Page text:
Full papers were presented orally in 20 minute slots; all extended abstracts and, optionally, full papers were presented as posters during the conference.
Out of the 550 submissions, 351 (64%) had a student as the primary author, 82 of these were accepted as full papers (23%), and a further 90 (26%) were accepted as extended abstracts.
The proceedings also contain 17 Demonstration papers, 13 Doctoral Consortium papers, as well as abstracts of the invited talks and details of some of the awards given.
In this paper we consider choice problems under the assumption that the preferences of the decision maker are expressed in the form of a parametric partial weak order without assuming the existence of any value function. We investigate both the sensitivity (stability) of each non-dominated solution with respect to the changes of parameters of this order, and the sensitivity of the set of non-dominated solutions as a whole to similar changes. We show that this type of sensitivity analysis can be performed by employing techniques of linear programming.
The paper examines the structure, governance, and balance sheets of state-controlled banks in Russia, which accounted for over 55 percent of the total assets in the country's banking system in early 2012. The author offers a credible estimate of the size of the country's state banking sector by including banks that are indirectly owned by public organizations. Contrary to some predictions based on the theoretical literature on economic transition, he explains the relatively high profitability and efficiency of Russian state-controlled banks by pointing to their competitive position in such functions as acquisition and disposal of assets on behalf of the government. Also suggested in the paper is a different way of looking at market concentration in Russia (by consolidating the market shares of core state-controlled banks), which produces a picture of a more concentrated market than officially reported. Lastly, one of the author's interesting conclusions is that China provides a better benchmark than the formerly centrally planned economies of Central and Eastern Europe by which to assess the viability of state ownership of banks in Russia and to evaluate the country's banking sector.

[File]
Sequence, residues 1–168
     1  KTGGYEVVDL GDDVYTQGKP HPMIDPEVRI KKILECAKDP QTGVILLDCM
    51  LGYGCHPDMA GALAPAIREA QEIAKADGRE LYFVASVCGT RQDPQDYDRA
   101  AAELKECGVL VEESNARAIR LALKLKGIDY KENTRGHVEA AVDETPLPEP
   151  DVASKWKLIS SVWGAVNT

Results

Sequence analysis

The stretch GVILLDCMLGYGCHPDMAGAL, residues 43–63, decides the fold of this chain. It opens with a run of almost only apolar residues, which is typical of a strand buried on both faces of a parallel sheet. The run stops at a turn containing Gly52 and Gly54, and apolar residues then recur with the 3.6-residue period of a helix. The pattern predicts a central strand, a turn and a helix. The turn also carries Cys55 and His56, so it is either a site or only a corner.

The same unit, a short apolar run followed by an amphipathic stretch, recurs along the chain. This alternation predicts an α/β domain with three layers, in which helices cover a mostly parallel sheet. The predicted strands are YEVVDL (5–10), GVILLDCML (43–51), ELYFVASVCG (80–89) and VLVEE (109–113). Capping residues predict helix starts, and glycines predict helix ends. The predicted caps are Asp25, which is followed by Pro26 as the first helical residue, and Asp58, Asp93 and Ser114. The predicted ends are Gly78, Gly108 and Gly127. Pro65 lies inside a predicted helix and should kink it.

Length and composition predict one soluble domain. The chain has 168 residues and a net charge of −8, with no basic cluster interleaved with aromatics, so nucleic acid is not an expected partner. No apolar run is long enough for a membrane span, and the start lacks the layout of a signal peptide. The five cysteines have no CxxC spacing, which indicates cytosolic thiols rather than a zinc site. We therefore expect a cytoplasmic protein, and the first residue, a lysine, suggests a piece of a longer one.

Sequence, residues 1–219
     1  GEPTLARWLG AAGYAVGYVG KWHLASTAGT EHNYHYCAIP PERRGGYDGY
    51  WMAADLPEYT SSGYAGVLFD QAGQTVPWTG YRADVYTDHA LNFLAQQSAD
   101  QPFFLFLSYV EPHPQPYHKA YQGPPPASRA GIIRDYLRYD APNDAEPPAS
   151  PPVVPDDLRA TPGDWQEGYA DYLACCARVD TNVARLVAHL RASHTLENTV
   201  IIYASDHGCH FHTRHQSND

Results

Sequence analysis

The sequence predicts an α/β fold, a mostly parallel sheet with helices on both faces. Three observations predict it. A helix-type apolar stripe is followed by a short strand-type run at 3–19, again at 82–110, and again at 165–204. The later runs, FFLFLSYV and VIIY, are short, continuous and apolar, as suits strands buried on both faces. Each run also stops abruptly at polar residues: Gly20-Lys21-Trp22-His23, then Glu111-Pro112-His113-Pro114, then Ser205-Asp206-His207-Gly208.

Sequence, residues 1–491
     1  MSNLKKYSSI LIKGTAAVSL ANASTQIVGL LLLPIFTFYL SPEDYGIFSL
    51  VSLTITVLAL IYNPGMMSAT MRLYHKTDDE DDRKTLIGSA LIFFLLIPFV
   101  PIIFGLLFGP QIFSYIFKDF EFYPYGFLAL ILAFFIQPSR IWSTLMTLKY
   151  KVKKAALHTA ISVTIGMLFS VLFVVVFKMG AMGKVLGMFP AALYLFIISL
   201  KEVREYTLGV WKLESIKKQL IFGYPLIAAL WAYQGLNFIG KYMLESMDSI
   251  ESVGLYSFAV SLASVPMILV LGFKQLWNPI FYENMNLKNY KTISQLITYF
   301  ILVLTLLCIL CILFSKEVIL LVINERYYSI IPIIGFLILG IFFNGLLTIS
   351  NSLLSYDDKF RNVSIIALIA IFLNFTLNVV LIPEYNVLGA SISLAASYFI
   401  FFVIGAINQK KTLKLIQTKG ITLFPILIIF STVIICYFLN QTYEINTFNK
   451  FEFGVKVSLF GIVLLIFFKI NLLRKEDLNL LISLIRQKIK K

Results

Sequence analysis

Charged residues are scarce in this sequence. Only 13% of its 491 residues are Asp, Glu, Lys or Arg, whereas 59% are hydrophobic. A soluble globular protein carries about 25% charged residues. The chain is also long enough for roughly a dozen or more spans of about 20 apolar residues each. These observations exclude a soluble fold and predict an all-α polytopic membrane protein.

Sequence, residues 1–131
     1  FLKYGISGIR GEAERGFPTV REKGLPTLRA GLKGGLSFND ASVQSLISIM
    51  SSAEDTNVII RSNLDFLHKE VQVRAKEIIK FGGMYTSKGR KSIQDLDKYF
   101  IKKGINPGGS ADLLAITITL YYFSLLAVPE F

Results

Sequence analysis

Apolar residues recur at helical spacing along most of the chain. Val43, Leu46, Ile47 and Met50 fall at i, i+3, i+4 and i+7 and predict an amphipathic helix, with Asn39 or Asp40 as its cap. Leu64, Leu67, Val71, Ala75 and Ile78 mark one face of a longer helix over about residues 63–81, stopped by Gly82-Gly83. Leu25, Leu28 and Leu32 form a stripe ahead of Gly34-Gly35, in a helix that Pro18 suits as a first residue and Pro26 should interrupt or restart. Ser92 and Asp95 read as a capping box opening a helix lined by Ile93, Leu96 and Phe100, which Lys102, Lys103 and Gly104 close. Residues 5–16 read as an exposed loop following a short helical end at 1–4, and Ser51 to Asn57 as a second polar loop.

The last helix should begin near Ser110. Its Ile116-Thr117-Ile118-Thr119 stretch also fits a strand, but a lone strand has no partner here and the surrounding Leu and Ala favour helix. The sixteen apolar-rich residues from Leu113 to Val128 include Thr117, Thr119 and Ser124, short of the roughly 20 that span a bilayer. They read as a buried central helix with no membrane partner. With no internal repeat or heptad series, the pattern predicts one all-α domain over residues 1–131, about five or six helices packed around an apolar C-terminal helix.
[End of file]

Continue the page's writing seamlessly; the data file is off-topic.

I give the explicit formula for the (set-theoretical) system of Resultants of m+1 homogeneous polynomials in n+1 variables